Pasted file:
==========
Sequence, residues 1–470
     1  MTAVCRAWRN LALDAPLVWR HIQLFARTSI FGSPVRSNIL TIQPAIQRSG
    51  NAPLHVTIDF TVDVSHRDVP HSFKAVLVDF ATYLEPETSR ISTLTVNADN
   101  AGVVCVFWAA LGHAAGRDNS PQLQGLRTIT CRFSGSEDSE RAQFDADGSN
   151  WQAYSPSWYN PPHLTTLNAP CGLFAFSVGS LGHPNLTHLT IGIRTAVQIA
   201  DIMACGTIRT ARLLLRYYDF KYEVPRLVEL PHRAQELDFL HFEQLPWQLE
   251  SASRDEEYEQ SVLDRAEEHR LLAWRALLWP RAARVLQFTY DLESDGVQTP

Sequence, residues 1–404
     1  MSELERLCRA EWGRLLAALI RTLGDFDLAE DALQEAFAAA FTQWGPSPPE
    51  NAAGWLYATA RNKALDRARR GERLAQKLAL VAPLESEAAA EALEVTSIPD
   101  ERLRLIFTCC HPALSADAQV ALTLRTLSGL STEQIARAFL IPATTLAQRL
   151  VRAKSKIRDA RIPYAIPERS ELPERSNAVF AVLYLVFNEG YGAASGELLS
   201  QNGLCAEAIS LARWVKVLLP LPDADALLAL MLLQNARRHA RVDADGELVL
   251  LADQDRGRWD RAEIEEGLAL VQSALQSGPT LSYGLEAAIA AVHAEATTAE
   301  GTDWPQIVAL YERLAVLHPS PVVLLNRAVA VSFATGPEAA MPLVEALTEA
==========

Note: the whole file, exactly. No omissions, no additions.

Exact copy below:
Sequence, residues 1–470
     1  MTAVCRAWRN LALDAPLVWR HIQLFARTSI FGSPVRSNIL TIQPAIQRSG
    51  NAPLHVTIDF TVDVSHRDVP HSFKAVLVDF ATYLEPETSR ISTLTVNADN
   101  AGVVCVFWAA LGHAAGRDNS PQLQGLRTIT CRFSGSEDSE RAQFDADGSN
   151  WQAYSPSWYN PPHLTTLNAP CGLFAFSVGS LGHPNLTHLT IGIRTAVQIA
   201  DIMACGTIRT ARLLLRYYDF KYEVPRLVEL PHRAQELDFL HFEQLPWQLE
   251  SASRDEEYEQ SVLDRAEEHR LLAWRALLWP RAARVLQFTY DLESDGVQTP

Sequence, residues 1–404
     1  MSELERLCRA EWGRLLAALI RTLGDFDLAE DALQEAFAAA FTQWGPSPPE
    51  NAAGWLYATA RNKALDRARR GERLAQKLAL VAPLESEAAA EALEVTSIPD
   101  ERLRLIFTCC HPALSADAQV ALTLRTLSGL STEQIARAFL IPATTLAQRL
   151  VRAKSKIRDA RIPYAIPERS ELPERSNAVF AVLYLVFNEG YGAASGELLS
   201  QNGLCAEAIS LARWVKVLLP LPDADALLAL MLLQNARRHA RVDADGELVL
   251  LADQDRGRWD RAEIEEGLAL VQSALQSGPT LSYGLEAAIA AVHAEATTAE
   301  GTDWPQIVAL YERLAVLHPS PVVLLNRAVA VSFATGPEAA MPLVEALTEA